In May 2023, researchers for the first time detected chronic pain–related data in human brains using intracranial neural biomarkers within the anterior cingulate cortex (ACC), which is implicated in affective/emotional processing, and the orbitofrontal cortex (OFC), which is connected with the ACC and may influence pain perception.3 In this small study, four participants age 50+ with refractory neuropathic pain, three with post-stroke pain and one with phantom limb pain, were surgically implanted with electrodes targeting their ACC and OFC. Several times a day, for three months, each participant was asked to answer questions related to how they would rate the pain they were experiencing, including strength, type of pain, and how their level of pain was making them feel emotionally. They would then initiate a brain recording by clicking a remote-control device, which provided a snapshot of the activity in the ACC and OFC at that exact moment. Using machine learning analyses, the research team was able to use activity in the OFC to predict the participants’ chronic pain state.3
The researchers also looked at how the ACC and OFC responded to thermal (acute) pain, which was caused by applying heat to areas of the participants’ bodies.3 In two of the four patients, brain activity could again predict pain responses, but in this case, the ACC appeared to be the region most involved. This suggests that the brain may process acute versus chronic pain differently. More studies are needed due to the small study size and other factors. That said, the study represents a significant step toward uncovering the patterns of brain activity that underly a patient’s perception of pain. Identifying personalized pain biomarkers is central to the accurate diagnosis of chronic pain, tracking prognosis, and for future therapeutic strategies.3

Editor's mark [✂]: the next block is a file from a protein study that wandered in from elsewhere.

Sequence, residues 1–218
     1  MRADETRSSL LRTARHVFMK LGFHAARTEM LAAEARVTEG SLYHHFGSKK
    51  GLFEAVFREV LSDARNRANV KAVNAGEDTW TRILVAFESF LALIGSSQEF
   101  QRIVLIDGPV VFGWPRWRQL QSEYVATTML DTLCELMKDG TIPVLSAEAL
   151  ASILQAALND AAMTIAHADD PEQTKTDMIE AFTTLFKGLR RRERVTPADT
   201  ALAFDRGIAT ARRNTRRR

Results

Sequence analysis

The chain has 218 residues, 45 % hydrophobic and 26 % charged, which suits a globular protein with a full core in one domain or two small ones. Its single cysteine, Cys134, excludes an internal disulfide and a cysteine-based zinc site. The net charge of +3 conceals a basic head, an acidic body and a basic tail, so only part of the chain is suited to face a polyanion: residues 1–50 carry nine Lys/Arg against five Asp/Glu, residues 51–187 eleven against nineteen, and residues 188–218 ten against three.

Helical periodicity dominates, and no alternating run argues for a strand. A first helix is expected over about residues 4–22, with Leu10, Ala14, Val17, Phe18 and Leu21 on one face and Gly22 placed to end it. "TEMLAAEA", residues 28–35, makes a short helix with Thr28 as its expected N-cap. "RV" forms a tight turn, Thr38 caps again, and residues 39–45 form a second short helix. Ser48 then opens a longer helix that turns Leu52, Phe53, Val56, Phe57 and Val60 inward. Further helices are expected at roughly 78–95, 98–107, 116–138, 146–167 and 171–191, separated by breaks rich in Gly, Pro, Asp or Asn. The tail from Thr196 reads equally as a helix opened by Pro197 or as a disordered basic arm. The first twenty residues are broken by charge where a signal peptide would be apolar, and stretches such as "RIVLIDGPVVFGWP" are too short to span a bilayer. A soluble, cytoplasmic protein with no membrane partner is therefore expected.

Another recent study, published in the European Journal of Pain, found that people with chronic pain have significantly lower levels of certain chemical messengers in the medial prefrontal cortex (mPFC), which helps regulate emotions.9 The researchers compared medial prefrontal neurochemistry in 24 people with chronic pain conditions age 52-60 years to 24 age and sex-matched healthy controls with no history of chronic pain age 49-60 years. Gamma-aminobutyric acid (GABA) and glutamate levels were measured in the mPFC, and psychometric measures regarding pain were recorded and compared.9